Fitzwilliam Service [SATB]
(Magnificat, Nunc dimittis) Sarah Cattley

Composer Sarah Cattley
Text Luke 1:46-55; 2:29-32
Voicing SATB, organ
Topics Communion, Evensong
Lectionary usage Advent, Christmas
Price $3.65 (U.S.)
Length 4' 00" + 3' 10" Released 11/2021
Catalog no. 410-942
Difficulty Mod. difficult

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Written for the Fitzwilliam College Chapel Choir, this setting of the evening canticles is an SATB version of the original scoring for treble voices and organ (Selah 410-941). The dance-like Magnificat makes effective use of syncopation and hemiola. The Nunc dimittis contains vocal lines that contrast chant-like repeated notes with wide, expressive leaps. The two canticles are motivically linked via the shared Gloria: the slow first part alludes to the Nunc dimittis music, and the energetic ending comes from the Magnificat, thus providing both foreshadowing and reprise.

My soul doth magnify the Lord
And my spirit hath rejoiced in God my Saviour.
For he hath regarded the lowliness of his handmaiden.
For behold from henceforth all generations shall call me blessed.
For he that is mighty hath magnified me
and holy is his name.
And his mercy is on them that fear him
Throughout all generations.
He hath showed strength with his arm,
he hath scattered the proud in the imagination of their hearts.
He hath put down the mighty from their seat
and hath exalted the humble and meek.
He hath filled the hungry with good things
and the rich he hath sent empty away.
He remembering his mercy hath holpen his servant Israel,
As he promised to our forefathers, Abraham, and his seed for ever.
Glory be to the Father, and to the Son and to the Holy Ghost;
as it was in the beginning, is now and ever shall be,
world without end. Amen.
--Luke 1:46-55

Lord, now lettest thou thy servant depart in peace
according to thy word.
For mine eyes have seen thy salvation which thou hast prepared
before the face of all people.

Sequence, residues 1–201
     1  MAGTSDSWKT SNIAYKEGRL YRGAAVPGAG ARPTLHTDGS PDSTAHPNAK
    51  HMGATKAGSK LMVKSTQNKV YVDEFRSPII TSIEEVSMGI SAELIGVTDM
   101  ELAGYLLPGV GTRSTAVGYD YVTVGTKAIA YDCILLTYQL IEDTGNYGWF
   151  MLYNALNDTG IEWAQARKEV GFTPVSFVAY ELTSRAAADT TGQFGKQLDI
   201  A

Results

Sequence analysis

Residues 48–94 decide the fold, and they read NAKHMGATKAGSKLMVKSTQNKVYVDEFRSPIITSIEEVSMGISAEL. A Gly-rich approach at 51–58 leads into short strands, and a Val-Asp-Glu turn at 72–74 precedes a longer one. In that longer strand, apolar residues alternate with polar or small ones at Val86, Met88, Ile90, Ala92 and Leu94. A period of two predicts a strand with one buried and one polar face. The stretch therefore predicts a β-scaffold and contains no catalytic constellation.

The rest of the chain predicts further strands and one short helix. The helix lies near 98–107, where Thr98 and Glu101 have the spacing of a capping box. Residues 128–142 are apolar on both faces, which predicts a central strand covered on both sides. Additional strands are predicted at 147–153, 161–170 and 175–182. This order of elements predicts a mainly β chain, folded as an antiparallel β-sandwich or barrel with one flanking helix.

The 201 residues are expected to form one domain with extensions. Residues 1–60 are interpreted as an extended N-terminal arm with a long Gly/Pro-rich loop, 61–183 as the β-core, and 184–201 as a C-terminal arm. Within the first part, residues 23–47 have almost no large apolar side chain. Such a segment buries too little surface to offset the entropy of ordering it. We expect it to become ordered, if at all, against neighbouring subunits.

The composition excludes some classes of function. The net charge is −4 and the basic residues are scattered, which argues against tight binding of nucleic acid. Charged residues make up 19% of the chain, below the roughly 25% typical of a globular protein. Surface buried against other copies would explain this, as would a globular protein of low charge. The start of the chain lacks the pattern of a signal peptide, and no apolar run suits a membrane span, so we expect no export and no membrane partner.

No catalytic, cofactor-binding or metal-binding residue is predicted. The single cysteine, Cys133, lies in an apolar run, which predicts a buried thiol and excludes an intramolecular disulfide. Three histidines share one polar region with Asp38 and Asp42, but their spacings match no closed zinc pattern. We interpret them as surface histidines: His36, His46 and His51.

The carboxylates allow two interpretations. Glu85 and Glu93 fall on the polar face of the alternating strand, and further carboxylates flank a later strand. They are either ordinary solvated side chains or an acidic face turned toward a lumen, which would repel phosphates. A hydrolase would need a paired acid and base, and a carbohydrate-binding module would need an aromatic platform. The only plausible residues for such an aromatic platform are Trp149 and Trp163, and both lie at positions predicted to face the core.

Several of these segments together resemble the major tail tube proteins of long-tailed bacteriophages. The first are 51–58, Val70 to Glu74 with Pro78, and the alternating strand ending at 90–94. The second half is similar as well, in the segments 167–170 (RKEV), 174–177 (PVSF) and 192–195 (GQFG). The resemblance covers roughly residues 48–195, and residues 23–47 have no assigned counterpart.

To be a light to lighten the Gentiles
and to be the glory of thy people Israel.
Glory be to the Father and to the Son and to the Holy Ghost;
as it was in the beginning, is now and ever shall be
world without end, Amen.
--Luke 2:29-32

review copy

"This very attractive evening service written for treble voices of the Fitzwilliam College Chapel Choir, was later revised by the composer for full SATB choir. (The SSA version is also available from Selah, catalog number 410-941, and was reviewed in the Journal in the March 2020 issue.) The Magnificat, nominally in F-minor, is introspective and hopeful, moving in a nimble dance. The tempo favors a one beat per bar 3/4 time, which allows Cattley to play rhythmic games, including subdividing measures first in 6/8 and later by strengthening the duple pulse to allow for four pulses per measure. The quick alternation between rhythmic beats will require a little practice to become intuitive, yet her careful preparation makes the different organizations of the beat feel natural. Plenty of unison lines for trebles and basses create sustained passages of two-part harmony, always reinforced by the organ accompaniment. Even with a few moments of part division in sopranos and altos, this is music that would work well for smaller ensembles or as an introductory set of Magnificat and Nunc dimittis for choirs less accustomed to singing evensong. The organ part is written in two staves throughout with only a few obvious moments of obbligato pedal. The modest writing of the accompaniment favors organists who conduct from the console. Cattley’s rich harmonic language makes generous use of sumptuous chords with added sevenths and ninths, imbuing the music with a richness. The Gloria Patri that caps the Magnificat shifts to F major without a significant change of mood, ultimately cadencing on a calm D minor. The Nunc dimittis maintains the general feel of D minor and the quiet joy of the Magnificat. The Gloria Patri returns to F major and is a rhythmically altered version of the ending of the first canticle. The final cadence, however, settles into a gentle mezzo piano, contrasting with the fortissimo ending of the previous canticle. Choirs of all skill levels would enjoy bringing this evening setting into regular rotation." -AAM Journal, Nov. 2021


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